“First thing she does when she wakes up is come to my room, she just comes to see me move, you know. Because she doesn’t know if I will be alive or dead.”


Ruben, 48


Later in the episode, we see the impact that the program has had on the whole family. Ruben, his sister, son and mum can all see a future that is much brighter.

“We always say don’t lose hope but there was a point that I was thinking…is he ever going to do anything, is he ever going to get better? But now I can see the difference, yeah. I’m proud of him and I think he will make me more proud.”


Dora, Ruben’s mum

The impact of COVID-19

Towards the end of the program COVID-19 restrictions have started to be implemented, and the face-to-face aspect of the treatment needs to be shifted to telehealth. Unsurprisingly this is difficult for the participants who are quite vulnerable and are concerned about being isolated.

As Victoria goes into its first lockdown Heidi says,

“All of us will kind of be struggling at the moment and I think even more so if you have an addiction. It just plays on anxiety and uncertainty and that’s what this time is right now.”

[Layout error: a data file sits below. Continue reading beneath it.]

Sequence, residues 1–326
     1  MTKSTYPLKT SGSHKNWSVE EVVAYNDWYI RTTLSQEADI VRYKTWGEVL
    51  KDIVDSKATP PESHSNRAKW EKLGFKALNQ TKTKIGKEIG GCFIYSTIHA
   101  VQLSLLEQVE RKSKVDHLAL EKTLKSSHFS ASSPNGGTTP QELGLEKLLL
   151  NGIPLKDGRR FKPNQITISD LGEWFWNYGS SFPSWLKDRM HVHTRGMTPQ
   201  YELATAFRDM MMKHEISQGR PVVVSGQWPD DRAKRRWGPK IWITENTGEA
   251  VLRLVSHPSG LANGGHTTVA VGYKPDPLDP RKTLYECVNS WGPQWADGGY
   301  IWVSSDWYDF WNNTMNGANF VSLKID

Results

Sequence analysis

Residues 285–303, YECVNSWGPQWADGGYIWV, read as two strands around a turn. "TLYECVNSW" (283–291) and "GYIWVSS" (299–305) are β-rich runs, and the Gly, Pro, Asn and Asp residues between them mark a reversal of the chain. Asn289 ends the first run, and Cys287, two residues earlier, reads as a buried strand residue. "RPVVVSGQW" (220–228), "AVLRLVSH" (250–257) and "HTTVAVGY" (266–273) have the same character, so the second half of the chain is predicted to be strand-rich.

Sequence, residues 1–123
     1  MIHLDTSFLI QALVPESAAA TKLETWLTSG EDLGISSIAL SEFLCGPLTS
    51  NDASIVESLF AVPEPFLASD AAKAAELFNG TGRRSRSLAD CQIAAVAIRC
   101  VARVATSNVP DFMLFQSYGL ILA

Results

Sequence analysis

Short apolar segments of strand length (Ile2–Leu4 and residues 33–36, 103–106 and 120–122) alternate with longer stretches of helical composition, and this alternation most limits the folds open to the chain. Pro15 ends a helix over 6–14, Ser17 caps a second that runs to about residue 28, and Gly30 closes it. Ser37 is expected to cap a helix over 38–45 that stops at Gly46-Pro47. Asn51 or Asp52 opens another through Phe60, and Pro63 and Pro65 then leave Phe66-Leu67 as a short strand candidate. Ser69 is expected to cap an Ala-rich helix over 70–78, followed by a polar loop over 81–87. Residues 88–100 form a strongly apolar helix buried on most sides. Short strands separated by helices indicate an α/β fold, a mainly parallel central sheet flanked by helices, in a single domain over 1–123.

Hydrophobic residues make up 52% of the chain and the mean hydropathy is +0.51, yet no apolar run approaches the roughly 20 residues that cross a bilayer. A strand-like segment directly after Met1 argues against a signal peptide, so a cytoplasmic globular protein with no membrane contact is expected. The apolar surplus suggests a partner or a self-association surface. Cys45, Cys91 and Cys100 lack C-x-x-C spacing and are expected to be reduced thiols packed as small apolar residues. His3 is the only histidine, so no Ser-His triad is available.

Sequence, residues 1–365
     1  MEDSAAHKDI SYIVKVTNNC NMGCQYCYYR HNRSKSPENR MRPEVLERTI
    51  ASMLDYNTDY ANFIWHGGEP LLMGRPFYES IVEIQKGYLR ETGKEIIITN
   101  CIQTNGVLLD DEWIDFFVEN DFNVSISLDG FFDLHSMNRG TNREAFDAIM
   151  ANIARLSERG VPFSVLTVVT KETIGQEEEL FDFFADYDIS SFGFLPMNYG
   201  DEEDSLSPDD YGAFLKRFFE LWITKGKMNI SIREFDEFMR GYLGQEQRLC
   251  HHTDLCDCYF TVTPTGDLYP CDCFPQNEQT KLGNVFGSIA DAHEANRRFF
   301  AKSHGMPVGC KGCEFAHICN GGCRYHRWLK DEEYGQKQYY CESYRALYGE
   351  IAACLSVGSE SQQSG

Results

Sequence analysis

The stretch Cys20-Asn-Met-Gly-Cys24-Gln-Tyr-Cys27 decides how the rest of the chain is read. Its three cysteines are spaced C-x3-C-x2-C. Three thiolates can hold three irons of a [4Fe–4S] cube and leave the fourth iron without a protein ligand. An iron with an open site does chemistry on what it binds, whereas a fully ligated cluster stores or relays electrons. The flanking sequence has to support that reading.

Heidi, 31


One advantage of shifting to telehealth is that this has helped some people who have traditionally struggled to attend healthcare services face-to-face. This difficulty attending services could be for many reasons, including geography, privacy concerns, financial barriers, time constraints, access to transport and childcare. It is envisioned that in the coming years that a mixed care model will be broadly be adopted to provide treatment, including in the addiction treatment sector.

In the final peer support group, we see the progress made by the participants and the crucial role their connection to each other has played during the treatment program. They are supportive, understanding and encouraging of one another, and will even call each other out when they see someone not being truthful with themselves or others. Importantly, they support and interact with one another to try to help each other make positive changes.

Lucas reflects on the peer group saying:

“It gave me for the first time ever a sense of community. Throughout this whole journey I had never found a community and that’s what I have got out of it. It’s just having that back up for the first time in my life and I can’t thank you all enough!”


Lucas, 38

Recovery is possible